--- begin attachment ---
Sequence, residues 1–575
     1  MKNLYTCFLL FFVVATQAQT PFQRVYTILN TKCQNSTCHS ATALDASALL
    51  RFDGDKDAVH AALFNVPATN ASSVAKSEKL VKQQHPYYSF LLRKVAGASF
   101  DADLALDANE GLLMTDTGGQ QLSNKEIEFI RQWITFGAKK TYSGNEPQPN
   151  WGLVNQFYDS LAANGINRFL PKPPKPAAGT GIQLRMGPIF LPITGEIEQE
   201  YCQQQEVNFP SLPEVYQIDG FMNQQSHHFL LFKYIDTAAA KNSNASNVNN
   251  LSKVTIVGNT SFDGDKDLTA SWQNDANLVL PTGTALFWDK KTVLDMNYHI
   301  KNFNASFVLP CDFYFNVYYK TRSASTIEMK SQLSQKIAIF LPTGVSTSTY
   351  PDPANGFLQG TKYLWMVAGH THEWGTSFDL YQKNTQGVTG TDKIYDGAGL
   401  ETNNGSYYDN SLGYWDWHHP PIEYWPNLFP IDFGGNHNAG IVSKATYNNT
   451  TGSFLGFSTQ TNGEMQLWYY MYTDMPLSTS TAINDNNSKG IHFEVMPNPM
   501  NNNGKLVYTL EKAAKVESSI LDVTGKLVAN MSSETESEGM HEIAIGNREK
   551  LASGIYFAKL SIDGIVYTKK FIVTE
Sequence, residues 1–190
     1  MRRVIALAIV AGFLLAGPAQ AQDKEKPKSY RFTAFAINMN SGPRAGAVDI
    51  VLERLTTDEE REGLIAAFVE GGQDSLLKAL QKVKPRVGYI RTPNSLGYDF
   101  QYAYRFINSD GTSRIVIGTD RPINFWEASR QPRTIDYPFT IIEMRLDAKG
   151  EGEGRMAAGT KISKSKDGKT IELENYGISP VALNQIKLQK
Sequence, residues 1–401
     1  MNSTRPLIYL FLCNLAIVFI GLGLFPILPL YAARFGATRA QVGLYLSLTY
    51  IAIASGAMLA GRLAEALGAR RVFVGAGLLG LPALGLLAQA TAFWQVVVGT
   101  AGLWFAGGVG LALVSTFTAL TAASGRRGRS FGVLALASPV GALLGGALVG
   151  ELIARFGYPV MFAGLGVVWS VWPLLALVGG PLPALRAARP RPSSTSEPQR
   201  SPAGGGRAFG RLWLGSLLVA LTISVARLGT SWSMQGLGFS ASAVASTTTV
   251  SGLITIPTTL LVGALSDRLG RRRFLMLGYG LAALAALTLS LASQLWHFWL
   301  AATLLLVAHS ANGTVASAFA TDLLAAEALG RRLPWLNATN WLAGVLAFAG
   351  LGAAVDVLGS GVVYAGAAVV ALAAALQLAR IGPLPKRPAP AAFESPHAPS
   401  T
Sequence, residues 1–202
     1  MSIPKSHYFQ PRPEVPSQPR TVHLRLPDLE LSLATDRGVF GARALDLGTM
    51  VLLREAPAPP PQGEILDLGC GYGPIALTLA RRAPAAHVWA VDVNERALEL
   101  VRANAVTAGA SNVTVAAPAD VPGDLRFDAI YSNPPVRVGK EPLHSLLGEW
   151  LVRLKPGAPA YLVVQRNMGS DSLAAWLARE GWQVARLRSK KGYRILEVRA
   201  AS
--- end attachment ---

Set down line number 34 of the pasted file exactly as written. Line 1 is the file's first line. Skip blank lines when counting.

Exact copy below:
   201  AS